# How to compare the contents of a column of the same data table

I have this table: and I want to get the rows that are equal to the first three columns, like this: I've tried these functions, but when I get the index of the lines, r doesn't give the output that I want:

df$obj<-sapply(c("sample1", "sample2", "sample3"), function (comparison) { df$sample1 == df[comparison]
})

• following on from my dplyr suggestion on your previous question: filter(df, sample1 == sample2 & sample1 == sample3) Note that a and A are not the same. If you want a case-insensitive matching, use filter(df, toupper(sample1) == toupper(sample2) & toupper(sample1) == toupper(sample3)) May 18, 2018 at 16:40
• but in that way you only get comparison between two columns, you see? you can have the same result between sample 1 and sample 2 , but when you are going to compare sample 1 and sample 3, the result can be different than the previous one May 18, 2018 at 16:53
• I'm not sure what you mean. If sample1 == sample2 and sample1 == sample3, then sample2 has to be equal to sample3. Unless I'm misunderstanding your goal. My code will turn your example input into your desired output though May 18, 2018 at 17:05

Loop through 3 columns by row using apply, then convert toupper case (as we want a same as A), get unique, and get lengths, if length is 1 then all 3 values are equal:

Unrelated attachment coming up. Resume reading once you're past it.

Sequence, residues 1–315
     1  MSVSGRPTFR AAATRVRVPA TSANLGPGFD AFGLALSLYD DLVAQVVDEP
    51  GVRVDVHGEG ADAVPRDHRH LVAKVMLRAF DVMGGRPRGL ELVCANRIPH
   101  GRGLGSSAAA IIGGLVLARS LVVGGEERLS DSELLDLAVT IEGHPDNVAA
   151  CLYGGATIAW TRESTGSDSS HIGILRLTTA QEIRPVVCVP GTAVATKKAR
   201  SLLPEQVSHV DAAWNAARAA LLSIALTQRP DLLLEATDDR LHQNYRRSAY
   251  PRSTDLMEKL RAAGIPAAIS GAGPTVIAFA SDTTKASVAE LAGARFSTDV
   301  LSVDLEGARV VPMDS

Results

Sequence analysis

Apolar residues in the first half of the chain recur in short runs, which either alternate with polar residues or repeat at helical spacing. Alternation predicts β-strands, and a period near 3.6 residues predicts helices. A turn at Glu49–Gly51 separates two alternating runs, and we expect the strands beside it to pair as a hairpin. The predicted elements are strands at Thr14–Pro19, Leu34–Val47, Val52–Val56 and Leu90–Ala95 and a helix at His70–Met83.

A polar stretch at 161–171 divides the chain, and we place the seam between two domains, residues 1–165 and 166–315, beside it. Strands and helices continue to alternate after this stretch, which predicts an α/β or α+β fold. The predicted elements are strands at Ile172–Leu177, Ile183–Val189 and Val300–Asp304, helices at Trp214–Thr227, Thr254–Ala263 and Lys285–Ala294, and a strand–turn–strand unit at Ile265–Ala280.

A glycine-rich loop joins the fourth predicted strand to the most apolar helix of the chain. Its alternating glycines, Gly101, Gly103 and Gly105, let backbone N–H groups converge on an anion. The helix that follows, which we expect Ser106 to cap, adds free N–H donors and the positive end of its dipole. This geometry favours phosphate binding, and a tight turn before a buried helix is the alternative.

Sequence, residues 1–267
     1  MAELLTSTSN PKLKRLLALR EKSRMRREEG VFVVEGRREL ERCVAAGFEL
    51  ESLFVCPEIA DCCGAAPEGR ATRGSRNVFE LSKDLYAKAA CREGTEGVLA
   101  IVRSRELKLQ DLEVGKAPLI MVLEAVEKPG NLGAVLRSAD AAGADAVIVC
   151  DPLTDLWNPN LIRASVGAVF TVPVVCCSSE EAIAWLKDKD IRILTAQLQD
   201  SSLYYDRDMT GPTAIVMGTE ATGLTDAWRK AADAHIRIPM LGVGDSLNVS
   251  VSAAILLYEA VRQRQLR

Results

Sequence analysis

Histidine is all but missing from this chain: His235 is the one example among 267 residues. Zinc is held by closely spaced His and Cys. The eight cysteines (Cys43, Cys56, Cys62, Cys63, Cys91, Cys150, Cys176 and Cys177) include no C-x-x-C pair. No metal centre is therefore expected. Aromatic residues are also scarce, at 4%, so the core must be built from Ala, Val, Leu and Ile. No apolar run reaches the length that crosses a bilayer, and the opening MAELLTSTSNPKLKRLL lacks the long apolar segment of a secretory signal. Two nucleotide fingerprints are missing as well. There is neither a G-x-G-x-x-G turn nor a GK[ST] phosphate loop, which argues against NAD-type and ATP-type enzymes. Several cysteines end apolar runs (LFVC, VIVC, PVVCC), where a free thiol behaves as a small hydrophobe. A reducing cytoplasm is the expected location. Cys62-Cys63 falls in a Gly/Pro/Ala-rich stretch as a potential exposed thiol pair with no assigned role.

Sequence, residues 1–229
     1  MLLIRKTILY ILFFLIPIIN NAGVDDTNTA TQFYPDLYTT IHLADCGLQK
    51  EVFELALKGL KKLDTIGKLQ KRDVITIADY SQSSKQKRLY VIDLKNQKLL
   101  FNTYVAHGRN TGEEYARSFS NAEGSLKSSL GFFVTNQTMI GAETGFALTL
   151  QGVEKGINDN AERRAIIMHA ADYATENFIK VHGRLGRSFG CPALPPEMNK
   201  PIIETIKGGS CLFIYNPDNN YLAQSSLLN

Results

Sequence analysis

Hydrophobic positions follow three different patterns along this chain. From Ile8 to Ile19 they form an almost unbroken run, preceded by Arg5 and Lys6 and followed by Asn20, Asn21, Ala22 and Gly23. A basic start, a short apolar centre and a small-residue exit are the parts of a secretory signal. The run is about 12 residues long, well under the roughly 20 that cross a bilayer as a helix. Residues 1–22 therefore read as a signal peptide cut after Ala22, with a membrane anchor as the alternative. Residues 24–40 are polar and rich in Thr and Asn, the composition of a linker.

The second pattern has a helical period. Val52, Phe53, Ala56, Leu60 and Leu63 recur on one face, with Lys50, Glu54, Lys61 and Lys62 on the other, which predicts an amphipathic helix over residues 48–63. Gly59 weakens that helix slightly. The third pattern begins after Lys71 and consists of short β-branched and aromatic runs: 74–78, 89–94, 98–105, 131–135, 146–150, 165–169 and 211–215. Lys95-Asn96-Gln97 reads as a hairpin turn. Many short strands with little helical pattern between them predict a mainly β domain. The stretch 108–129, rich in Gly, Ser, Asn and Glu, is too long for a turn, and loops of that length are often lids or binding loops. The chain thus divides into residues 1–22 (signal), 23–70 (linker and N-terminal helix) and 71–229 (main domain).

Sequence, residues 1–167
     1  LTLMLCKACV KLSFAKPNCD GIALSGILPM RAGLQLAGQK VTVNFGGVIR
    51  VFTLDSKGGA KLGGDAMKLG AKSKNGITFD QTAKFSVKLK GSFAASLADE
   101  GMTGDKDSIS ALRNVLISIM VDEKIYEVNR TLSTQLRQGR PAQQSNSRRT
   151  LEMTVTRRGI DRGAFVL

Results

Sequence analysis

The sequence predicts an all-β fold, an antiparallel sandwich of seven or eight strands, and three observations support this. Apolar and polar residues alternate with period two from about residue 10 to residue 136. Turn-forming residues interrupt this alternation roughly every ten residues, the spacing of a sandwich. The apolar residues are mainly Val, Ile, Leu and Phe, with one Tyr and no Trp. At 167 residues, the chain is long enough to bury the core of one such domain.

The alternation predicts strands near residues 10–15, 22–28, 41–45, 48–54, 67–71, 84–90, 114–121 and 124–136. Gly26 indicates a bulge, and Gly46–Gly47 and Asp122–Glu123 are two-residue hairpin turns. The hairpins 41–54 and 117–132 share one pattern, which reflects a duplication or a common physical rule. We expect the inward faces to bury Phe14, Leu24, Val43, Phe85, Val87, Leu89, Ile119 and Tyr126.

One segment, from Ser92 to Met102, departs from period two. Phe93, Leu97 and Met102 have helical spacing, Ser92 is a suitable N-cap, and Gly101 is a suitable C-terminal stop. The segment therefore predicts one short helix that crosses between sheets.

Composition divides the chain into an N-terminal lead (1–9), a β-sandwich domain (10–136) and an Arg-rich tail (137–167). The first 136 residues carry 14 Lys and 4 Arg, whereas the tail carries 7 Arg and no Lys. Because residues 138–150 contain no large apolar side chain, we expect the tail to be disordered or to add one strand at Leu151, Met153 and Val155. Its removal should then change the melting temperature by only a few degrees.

df1[ lengths(
apply(df1[, 1:3], 1, function(i) unique(toupper(i)))
) == 1, ]


This would scale better if we want to compare 4, 10, n(?) columns.

No need to use dplyr, we can do this using base, see below example:

# reproducible example data
df1 <- data.frame(
t(data.frame(
one = c("A", "A", "A", "C", "C", "C"),
two = c("A", "A", "A", "A", "A", "C"),
thr = c("A", "A", "A", "A", "A", "A"),
fou = c("C", "A", "A", "A", "A", "A"))),
stringsAsFactors = FALSE)

df1
#     X1 X2 X3 X4 X5 X6
# one  A  A  A  C  C  C
# two  A  A  A  A  A  C
# thr  A  A  A  A  A  A
# fou  C  A  A  A  A  A

# solution, subset using logical index:
selection <- df1[df1[, 1] == df1[, 2] & df1[, 1] == df1[, 3], ]

selection
#     X1 X2 X3 X4 X5 X6
# one  A  A  A  C  C  C
# two  A  A  A  A  A  C
# thr  A  A  A  A  A  A

• To be fair, you don't really need dplyr for anything. I just think it's easier to wrap your head around filter then a command that repeats the name of the data frame 5 times, along with 5 sets of square brackets and 5 commas. Personal preference though I guess. May 18, 2018 at 17:00
• @heathobrien, you are right dplyr is a great tool, and I think for some difficult tasks even necessary. For row selection with conditional statements I am used to select this (old fashion) way. But with dplyr would certainly be good as well.
– benn
May 18, 2018 at 17:08
• t(data.frame(…)) is an odd pattern, since t always converts data.frames to matrices, and assigning the result to a variable called df is actively misleading. May 22, 2018 at 10:14
• @KonradRudolph, that was to make a workable example. I understand that you don't like my style (also from previous comments), feel free to put your own answer.
– benn
May 22, 2018 at 10:16
• @b.nota Actually I have no problem with the style of this answer, I think it actually works well otherwise. But, to clarify, my previous comment wasn’t about style. May 22, 2018 at 10:24